It’s a perplexing P.R. problem. In Chinese lore, dragons represent good luck, power and royalty. In the West, they are portrayed often as fire-breathing monsters (well, except for Puff the Magic Dragon).
How can China export its idea of the dragon without scaring its neighbors or the West?
Chinese microbloggers are asking themselves that question after a national stamp was issued in honor of the coming Chinese New Year on Jan. 23. That’s the day the Year of the Rabbit will give way to the Year of the Dragon. In commemoration, the stamp bears a looming dragon, mouth agape, claws bared.
According to The Post’s Chinese correspondent Keith Richburg, the stamp has set off a flurry of introspection. Is it too aggressive-looking, too angry? Will it scare neighbors already wary of a rising China? Will others see it as a sign of China already acting too assertively in the region?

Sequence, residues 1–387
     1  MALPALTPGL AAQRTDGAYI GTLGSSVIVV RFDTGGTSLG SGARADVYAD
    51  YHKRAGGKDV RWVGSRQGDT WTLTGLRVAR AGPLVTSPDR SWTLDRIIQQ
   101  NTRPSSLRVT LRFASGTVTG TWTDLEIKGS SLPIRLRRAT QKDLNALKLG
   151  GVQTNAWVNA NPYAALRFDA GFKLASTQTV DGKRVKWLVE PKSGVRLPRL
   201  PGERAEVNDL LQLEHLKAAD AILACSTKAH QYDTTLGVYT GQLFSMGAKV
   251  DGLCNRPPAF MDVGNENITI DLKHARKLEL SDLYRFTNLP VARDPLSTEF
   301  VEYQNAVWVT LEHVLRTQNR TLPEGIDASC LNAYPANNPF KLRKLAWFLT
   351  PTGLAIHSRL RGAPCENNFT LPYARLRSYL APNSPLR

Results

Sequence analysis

Internet users have flooded the Weibo microblog service with criticism using words such as “roaring,” “intimidating” and “ferocious” to describe the image of the dragon. Others, including the stamp’s designer, say it’s time the Chinese embrace their powerful symbol.
The vice foreign minister, Cui Tiankai, was asked about the stamp at a press briefing for foreign reporters Monday. He laughed it off, but also assured reporters, “China has chosen a path of peaceful development.”
Still, the debate caused one newspaper, the China Daily, to wonder if China should consider a rebranding solution. “Because the word “dragon” is associated with the ferocious creature of Western folklore, perhaps a new word is needed, such as “Long,” as the name in Chinese is pronounced.
Will it be a Happy Year of the Long?